Secondary palate development
|Secondary palate development|
Under surface of the head of a human embryo about twenty-nine days old (After His.). The palatal shelves are yet to form from the maxillary processes
Frontal section of nasal cavities of a human embryo 28 mm. long (Kollmann) at about forty-four days. The two palatine processes can be seen here post-elevation in a horizontal position. The medial edges of the palatine processes are yet to fuse and form the roof of the oral cavity.
|Gives rise to||Palate, Oral cavity proper|
The development of the secondary palate commences in the sixth week of human embryological development. It is characterised by the formation of two palatal shelves on the maxillary prominences, the elevation of these shelves to a horizontal position, and then a process of palatal fusion between the horizontal shelves. The shelves will also fuse anteriorly upon the primary palate, with the incisive foramen being the landmark between the primary palate and secondary palate. This forms what is known as the roof of the mouth, or the hard palate.
Failure of the secondary palate to develop correctly may result in a Cleft palate disorder.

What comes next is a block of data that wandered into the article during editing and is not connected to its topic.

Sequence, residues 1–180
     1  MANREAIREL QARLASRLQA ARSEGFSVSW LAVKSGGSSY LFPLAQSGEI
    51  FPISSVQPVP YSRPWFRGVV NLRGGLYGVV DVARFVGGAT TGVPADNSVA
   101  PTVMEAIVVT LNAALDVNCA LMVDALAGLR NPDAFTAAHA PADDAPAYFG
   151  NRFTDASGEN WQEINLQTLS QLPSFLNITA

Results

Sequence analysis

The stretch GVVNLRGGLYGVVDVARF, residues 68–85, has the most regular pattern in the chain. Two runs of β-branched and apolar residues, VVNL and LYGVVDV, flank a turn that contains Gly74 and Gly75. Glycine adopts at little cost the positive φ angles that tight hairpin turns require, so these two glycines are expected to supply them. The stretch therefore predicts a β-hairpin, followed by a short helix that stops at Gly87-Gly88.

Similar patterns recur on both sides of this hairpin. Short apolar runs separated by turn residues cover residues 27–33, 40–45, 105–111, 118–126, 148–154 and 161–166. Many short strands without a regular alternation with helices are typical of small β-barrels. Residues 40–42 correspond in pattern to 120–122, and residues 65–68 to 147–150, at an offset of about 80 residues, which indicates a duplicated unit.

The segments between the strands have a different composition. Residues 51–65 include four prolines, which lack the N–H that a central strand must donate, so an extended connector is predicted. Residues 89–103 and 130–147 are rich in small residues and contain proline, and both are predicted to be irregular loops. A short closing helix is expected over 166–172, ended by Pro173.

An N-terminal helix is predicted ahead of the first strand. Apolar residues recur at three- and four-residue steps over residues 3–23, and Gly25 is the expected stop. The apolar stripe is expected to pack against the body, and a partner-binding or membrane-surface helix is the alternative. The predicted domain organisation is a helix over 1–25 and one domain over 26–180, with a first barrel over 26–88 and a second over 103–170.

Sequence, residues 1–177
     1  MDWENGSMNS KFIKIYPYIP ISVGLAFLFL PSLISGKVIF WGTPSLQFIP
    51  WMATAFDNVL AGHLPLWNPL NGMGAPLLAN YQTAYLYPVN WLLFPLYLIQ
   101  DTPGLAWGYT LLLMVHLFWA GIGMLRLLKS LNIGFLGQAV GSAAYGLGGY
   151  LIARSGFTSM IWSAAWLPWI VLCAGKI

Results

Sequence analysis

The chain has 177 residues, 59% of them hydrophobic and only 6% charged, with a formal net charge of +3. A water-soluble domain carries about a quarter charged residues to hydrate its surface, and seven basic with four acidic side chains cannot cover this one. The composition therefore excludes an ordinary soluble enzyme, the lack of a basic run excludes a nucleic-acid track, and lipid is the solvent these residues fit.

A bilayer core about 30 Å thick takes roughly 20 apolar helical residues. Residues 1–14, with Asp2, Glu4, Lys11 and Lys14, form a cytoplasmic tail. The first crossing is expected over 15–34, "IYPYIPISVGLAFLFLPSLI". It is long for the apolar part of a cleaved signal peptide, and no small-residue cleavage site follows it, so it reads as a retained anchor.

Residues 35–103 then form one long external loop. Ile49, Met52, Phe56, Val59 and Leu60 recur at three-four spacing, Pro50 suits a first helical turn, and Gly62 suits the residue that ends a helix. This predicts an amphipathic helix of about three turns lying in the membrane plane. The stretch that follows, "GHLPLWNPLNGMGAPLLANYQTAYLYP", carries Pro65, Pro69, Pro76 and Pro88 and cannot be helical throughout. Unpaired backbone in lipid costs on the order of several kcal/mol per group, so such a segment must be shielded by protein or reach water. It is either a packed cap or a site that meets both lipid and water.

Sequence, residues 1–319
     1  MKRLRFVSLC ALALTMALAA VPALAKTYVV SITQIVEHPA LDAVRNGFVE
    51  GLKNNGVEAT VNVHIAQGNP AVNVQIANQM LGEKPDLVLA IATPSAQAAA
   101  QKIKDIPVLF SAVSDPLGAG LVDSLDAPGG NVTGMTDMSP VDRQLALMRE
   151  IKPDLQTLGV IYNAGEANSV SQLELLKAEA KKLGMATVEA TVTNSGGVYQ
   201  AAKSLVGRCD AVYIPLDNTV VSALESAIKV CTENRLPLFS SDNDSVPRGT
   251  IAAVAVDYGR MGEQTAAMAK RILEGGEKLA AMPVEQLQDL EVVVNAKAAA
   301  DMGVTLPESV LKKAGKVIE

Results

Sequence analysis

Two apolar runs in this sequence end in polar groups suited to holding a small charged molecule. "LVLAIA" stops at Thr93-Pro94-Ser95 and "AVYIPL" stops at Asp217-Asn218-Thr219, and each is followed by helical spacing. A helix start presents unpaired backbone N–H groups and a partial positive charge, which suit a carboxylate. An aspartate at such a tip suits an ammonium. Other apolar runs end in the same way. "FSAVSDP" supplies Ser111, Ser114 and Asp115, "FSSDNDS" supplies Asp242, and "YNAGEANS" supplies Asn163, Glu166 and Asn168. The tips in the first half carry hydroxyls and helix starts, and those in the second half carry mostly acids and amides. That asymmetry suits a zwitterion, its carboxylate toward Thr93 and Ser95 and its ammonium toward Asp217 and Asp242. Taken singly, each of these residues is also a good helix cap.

Formation of palatal shelves
The formation of the vertical palatal shelves occurs during week 7 of embryological development, on the maxillary processes of the head of embryo, lateral to the developing tongue.
Palatal shelf elevation
The elevation of the palatal shelves from a vertical position to a horizontal one occurs during week 8 of embryological development. It is unknown as to what exactly is the direct cause of this movement is, but a number of possibilities have been identified as follows:
- Muscular contraction;
- Hydrostatic forces exerted by Glycosaminoglycans and Hyaluronan;
- Mesenchymal reorganisation;
- Mesenchyme cell contraction;
- Epithelial reorganisation
- Movement of the developing tongue
Suggested mechanisms for palatal fusion
Fusion between the two palatal shelves occurs during week 9 of embryonic development. In this time, the elevated palatal shelves join together to form one continuous structure, with the medial edge epithelium (the shelf surfaces which are closest to each other) disappearing.
The specific mechanism by which the medial edge epithelium disappears has been differed over by academics. The three most distinguished theories related to the explanation of palatal fusion are as follows:
- Sadler, T.W (2004). Langman's Medical Embryology (Ninth ed.). Lippincott Willams & Wilkins. pp. 388–394. ISBN 0-7817-4310-9.